On January 2, 2013, after almost a year of debate and consideration, the DHS Secretary Janet Napolitano announced the final rule allowing certain immigrant visa applicants to apply for a waiver under INA 212 §(a)(9)(B)(v) before leaving the United States, known as the provisional waiver. The rule went into effect on March 4, 2013. On August 29, 2016 the provisional waiver was expanded to include other familial relationships.
By allowing those who qualify to apply for a provisional waiver, before leaving the United States, the rule helps alleviate the hardship experienced by the qualifying relative due to the long term separation that used to exist related only to applying for the waiver. MyRights Immigration Law Firm asserts that this change corrected one of the most difficult problems that used to exist in immigration law.
MyRights Immigration Law Firm has experience filing and winning hundreds of waivers. Our attorneys have worked with hundreds of clients to develop strong arguments, complete documentation, and winning waiver applications. Please contact us to schedule an appointment to discuss your individual situation.
Policy to Know
- Be the beneficiary of an immediate relative petition;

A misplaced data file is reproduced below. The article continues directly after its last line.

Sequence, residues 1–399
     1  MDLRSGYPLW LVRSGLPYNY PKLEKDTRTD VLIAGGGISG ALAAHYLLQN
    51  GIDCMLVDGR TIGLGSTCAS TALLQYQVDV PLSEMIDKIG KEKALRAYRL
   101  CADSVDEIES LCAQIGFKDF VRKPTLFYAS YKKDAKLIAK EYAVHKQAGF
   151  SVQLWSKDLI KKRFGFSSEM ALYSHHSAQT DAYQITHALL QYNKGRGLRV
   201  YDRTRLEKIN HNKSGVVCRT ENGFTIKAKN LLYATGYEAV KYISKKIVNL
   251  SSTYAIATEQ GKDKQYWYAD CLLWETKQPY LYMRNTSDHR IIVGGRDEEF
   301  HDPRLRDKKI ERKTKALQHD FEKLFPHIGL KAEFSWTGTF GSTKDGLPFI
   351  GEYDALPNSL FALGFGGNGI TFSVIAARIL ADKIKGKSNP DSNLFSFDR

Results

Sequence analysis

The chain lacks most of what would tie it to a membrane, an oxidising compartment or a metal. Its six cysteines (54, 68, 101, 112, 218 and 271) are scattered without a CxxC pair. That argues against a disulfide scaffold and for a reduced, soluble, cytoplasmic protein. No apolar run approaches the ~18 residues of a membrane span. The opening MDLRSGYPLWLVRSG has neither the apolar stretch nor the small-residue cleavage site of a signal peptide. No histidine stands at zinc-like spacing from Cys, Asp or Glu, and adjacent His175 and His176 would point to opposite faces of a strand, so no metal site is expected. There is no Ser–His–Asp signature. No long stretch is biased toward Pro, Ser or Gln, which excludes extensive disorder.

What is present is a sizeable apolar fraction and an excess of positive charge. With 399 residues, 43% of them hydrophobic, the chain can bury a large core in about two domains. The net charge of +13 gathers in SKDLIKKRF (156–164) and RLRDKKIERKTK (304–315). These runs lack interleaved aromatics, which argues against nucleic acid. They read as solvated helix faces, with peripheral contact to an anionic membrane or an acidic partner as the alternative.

- Have an active case with the National Visa Center; and
- Be inadmissible only under INA §212(a)(9)(B).
Eligibility for a provisional waiver does not guarantee the waiver will be approved. An applicant must prove extreme hardship to their qualifying relative. Common results of the bar, such as separation and financial difficulties, will generally be insufficient to approve a waiver. See Matter of Ngai, 19 I&N Dec. 245. However consideration must be given to all aspects of the qualifying relatives life including, age, health, individual circumstances, lower standard of living, adverse country conditions, etc. See Matter of Monreal, 23 I&N Dec. 56 (BIA 2001).
- Medical problems
- Injuries at work
- Back pain
- Activity in Church
- Medical problems of non-qualifying relatives
- Development of career
- Joint business ventures
- Current school/professional development
- Country conditions
- Past traumas
- And more